I’m working on an alphabet book, making a photo for each letter. Unsurprisingly, some letters were more difficult than others.
Take “x” for instance. My children are beyond the age of having a little xylophone in the toy box. What I did have was an x-ray.
A few years ago, our pug thought it was a good idea to ingest a number of objects he found around the house: a bobby pin, Lego, a rope. It was the rope that caused the problem (and cost us the bank!). For some reason, I held onto the x-ray.
It was awhile before I could remember where I’d put it, but when I did, I taped it to our patio doors and took a few shots. The part of the x-ray showing the object has faded somewhat but remains strangely fascinating:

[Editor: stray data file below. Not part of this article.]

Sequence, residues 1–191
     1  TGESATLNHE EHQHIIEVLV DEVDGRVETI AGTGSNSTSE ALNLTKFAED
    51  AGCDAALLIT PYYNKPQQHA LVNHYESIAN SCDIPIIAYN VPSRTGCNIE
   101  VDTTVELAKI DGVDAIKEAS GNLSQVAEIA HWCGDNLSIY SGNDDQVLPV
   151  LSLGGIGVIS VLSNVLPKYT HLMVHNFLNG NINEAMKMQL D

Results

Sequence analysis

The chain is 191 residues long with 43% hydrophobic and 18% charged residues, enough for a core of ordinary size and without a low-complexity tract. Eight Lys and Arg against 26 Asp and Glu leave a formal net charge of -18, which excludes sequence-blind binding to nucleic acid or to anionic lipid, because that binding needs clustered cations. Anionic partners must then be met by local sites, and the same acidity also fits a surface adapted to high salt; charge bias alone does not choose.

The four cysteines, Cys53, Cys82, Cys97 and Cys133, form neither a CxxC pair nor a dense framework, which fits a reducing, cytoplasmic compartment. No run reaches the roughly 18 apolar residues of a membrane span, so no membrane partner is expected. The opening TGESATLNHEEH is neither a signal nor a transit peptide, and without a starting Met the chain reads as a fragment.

However, it is the edges of the x-ray that caught my attention. It must have gotten wet, or maybe it’s just the age of the film, but it has developed (no pun intended!) the look of patina that the photographer in me loves:
A box of old negatives prompted questions from my children: “What is that?”
Even though I resisted digital photography (in SLR format, at least), until it was becoming difficult to buy film, it still seems ancient to me now. How quickly I have adapted to having instantaneous representations of my pictures on the back of my camera. And yet, it wasn’t so long ago that I was buying film, making educated guesses about f/stops and shutter speeds, and then holding my breath while the film was being developed.
Digital photography helped me rediscover a passion when my children were old enough to allow me a few minutes to myself. But sometimes I miss the slowness of film, and the more deliberate thought it required. Then again, digital photography has helped me expand my knowledge in ways I never would have imagined.
But I hold onto these negatives; I could never part with this part of my past, this beginning of my photography.